Conventional wisdom holds that if “it isn’t broke, don’t fix it,” but that’s an oversimplification, especially for an operation as complex as CountryMark’s. The Indiana-based oil refinery processes approximately 28,000 barrels of crude oil each day and produces nearly 450 million gallons of gasoline and diesel fuel each year for the farmers that make up its cooperative.
Although CountryMark is successful, leadership determined that it was necessary to drive down costs and improve the reliability of its refinery even further. That’s why CountryMark recently implemented what it calls its WorkPlace Excellence Program, and the company says its success has been based on the principle that if the company eliminates failures through preventive maintenance and reliability engineering, it becomes proactive instead of reactive.
CountryMark is one of only two oil refineries in Indiana, and the fuel it produces is used by nearly 65 percent of farmers and 60 percent of school corporations within its service area. That service area includes Indiana, Illinois, Michigan, Ohio and Kentucky. As of 2015, CountryMark was ranked as the 10th-largest private company based in Indiana, and it has been operating as a cooperative since 1919.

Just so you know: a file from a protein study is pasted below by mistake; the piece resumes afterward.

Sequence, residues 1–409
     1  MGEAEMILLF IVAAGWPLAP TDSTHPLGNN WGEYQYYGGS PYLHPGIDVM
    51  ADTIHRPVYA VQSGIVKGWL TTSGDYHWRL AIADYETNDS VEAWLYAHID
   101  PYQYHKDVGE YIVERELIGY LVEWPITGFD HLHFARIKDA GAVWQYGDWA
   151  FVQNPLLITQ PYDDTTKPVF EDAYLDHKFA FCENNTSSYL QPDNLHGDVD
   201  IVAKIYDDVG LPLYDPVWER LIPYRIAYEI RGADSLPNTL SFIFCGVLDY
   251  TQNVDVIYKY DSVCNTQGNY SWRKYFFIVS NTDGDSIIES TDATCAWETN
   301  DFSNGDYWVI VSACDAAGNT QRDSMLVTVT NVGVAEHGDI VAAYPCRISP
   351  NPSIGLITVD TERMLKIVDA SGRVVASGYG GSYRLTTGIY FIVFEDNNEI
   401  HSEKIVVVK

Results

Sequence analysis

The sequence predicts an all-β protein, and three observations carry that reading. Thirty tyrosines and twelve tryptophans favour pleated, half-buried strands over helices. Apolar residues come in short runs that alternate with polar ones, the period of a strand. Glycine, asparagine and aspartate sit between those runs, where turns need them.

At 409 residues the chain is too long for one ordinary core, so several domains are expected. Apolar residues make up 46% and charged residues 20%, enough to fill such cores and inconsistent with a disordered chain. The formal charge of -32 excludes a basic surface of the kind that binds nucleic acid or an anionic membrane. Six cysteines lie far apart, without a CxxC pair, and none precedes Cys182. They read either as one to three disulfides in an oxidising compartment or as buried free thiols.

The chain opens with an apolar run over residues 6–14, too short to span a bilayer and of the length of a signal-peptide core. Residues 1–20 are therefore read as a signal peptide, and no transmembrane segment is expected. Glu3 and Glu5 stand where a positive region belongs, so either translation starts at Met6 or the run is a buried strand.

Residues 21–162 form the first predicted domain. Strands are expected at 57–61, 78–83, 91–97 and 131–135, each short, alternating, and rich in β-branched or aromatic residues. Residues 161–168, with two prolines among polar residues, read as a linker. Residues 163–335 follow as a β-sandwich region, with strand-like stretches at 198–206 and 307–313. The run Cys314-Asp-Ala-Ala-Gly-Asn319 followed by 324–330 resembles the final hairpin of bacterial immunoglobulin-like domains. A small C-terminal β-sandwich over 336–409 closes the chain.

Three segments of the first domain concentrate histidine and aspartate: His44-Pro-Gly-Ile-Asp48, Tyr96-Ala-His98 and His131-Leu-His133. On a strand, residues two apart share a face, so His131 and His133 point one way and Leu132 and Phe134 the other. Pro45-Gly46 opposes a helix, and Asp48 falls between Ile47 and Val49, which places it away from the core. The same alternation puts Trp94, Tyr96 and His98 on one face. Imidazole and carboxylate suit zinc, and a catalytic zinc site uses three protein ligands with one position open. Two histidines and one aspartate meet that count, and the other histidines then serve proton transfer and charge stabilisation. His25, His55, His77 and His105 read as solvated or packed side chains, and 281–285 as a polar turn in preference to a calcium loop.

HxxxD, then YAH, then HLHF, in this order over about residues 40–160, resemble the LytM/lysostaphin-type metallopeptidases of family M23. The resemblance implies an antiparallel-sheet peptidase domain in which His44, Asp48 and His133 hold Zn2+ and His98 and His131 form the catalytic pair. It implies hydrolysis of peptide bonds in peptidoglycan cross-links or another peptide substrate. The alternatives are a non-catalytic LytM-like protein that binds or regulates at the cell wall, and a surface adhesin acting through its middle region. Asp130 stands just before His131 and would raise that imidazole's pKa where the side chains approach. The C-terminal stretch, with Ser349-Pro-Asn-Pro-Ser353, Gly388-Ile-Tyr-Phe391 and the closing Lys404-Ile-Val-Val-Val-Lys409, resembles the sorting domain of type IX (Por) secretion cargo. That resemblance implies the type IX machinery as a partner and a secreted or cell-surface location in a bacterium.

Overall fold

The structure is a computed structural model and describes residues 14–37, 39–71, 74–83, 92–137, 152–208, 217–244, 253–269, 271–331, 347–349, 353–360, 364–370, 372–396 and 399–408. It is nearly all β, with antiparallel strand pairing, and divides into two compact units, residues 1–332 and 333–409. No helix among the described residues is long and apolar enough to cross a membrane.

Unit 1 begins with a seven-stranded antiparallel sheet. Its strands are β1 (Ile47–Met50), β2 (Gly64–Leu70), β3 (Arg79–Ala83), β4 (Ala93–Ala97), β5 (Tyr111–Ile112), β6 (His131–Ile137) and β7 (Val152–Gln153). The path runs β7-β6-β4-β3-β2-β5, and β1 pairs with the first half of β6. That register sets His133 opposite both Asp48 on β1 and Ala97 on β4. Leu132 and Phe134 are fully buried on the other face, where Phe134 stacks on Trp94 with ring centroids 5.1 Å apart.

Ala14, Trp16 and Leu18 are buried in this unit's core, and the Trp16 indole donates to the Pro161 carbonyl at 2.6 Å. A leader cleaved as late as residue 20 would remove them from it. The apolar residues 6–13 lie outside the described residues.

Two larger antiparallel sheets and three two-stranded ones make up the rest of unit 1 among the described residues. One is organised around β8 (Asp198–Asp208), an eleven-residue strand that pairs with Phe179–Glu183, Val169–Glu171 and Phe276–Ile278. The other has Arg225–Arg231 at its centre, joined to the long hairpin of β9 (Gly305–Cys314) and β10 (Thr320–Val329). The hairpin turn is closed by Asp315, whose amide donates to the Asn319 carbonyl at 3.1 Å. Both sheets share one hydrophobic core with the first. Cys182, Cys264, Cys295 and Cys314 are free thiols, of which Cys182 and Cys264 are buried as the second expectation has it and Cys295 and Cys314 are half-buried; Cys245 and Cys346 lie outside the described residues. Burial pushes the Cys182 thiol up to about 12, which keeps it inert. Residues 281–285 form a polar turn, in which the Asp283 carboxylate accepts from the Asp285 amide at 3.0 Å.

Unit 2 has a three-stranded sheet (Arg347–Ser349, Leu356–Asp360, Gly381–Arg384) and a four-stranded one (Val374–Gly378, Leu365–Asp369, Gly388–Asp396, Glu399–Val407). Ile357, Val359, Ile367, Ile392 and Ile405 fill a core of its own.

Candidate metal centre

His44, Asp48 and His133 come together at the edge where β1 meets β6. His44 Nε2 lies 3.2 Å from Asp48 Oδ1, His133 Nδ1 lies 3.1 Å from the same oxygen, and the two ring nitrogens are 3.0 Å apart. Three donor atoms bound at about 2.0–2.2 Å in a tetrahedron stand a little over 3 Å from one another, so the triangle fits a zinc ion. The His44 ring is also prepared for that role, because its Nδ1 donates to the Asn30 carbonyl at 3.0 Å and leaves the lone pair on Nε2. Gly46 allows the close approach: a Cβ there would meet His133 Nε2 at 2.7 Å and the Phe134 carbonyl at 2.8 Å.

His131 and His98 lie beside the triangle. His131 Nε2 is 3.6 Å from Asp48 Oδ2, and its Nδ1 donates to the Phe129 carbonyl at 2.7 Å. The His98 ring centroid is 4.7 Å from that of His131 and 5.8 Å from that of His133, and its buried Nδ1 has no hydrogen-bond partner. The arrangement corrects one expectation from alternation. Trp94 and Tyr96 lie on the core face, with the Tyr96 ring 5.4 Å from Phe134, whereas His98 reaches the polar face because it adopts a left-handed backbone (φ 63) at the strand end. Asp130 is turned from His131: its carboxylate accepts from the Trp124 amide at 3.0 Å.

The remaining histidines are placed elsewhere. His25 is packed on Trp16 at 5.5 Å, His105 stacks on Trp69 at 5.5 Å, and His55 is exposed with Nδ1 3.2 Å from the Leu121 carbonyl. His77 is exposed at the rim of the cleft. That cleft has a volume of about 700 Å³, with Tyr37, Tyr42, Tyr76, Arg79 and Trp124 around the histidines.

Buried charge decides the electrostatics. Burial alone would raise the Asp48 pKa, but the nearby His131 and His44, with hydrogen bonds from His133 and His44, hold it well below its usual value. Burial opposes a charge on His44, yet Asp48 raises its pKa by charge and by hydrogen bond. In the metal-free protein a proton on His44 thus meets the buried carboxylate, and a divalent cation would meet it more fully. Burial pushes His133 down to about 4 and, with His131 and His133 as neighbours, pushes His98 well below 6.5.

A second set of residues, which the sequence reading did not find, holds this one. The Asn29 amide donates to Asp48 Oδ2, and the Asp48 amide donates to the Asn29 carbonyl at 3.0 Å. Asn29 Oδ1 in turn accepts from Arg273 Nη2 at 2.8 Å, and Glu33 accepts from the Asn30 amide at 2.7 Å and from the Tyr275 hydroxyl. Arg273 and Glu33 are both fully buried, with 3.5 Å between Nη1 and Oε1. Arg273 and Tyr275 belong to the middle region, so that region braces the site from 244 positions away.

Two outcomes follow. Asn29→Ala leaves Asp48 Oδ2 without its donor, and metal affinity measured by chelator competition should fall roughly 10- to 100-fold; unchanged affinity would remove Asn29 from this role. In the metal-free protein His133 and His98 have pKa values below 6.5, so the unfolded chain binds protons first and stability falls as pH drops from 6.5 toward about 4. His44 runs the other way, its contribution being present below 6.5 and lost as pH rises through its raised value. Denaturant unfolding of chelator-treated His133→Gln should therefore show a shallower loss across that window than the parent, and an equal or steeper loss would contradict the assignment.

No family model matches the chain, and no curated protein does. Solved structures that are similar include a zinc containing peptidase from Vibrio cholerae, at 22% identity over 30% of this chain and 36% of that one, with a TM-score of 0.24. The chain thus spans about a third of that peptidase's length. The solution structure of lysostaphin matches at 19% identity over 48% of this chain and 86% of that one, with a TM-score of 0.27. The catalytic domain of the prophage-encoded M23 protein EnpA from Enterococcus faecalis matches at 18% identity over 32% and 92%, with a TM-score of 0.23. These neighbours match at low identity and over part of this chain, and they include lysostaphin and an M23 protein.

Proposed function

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SAS Manufacturing invests in automation and touts its domestic presence to compete with overseas facilities.
By Tim O’Connor
Circuit boards are complex electronic components, made up of thousands of parts, some as small as a grain of sand. If there is a defect in the finished boards, the customers can’t easily send them back when buying overseas. Or if the client wants to make a last minute design change to the amount of Ohms the resistor can handle, it’s difficult to halt production when there is a massive order next in line.
But because it is located domestically, SAS Manufacturing has the flexibility to quickly make those changes and quality checks and send the finished products to the customer without disrupting the supply chain.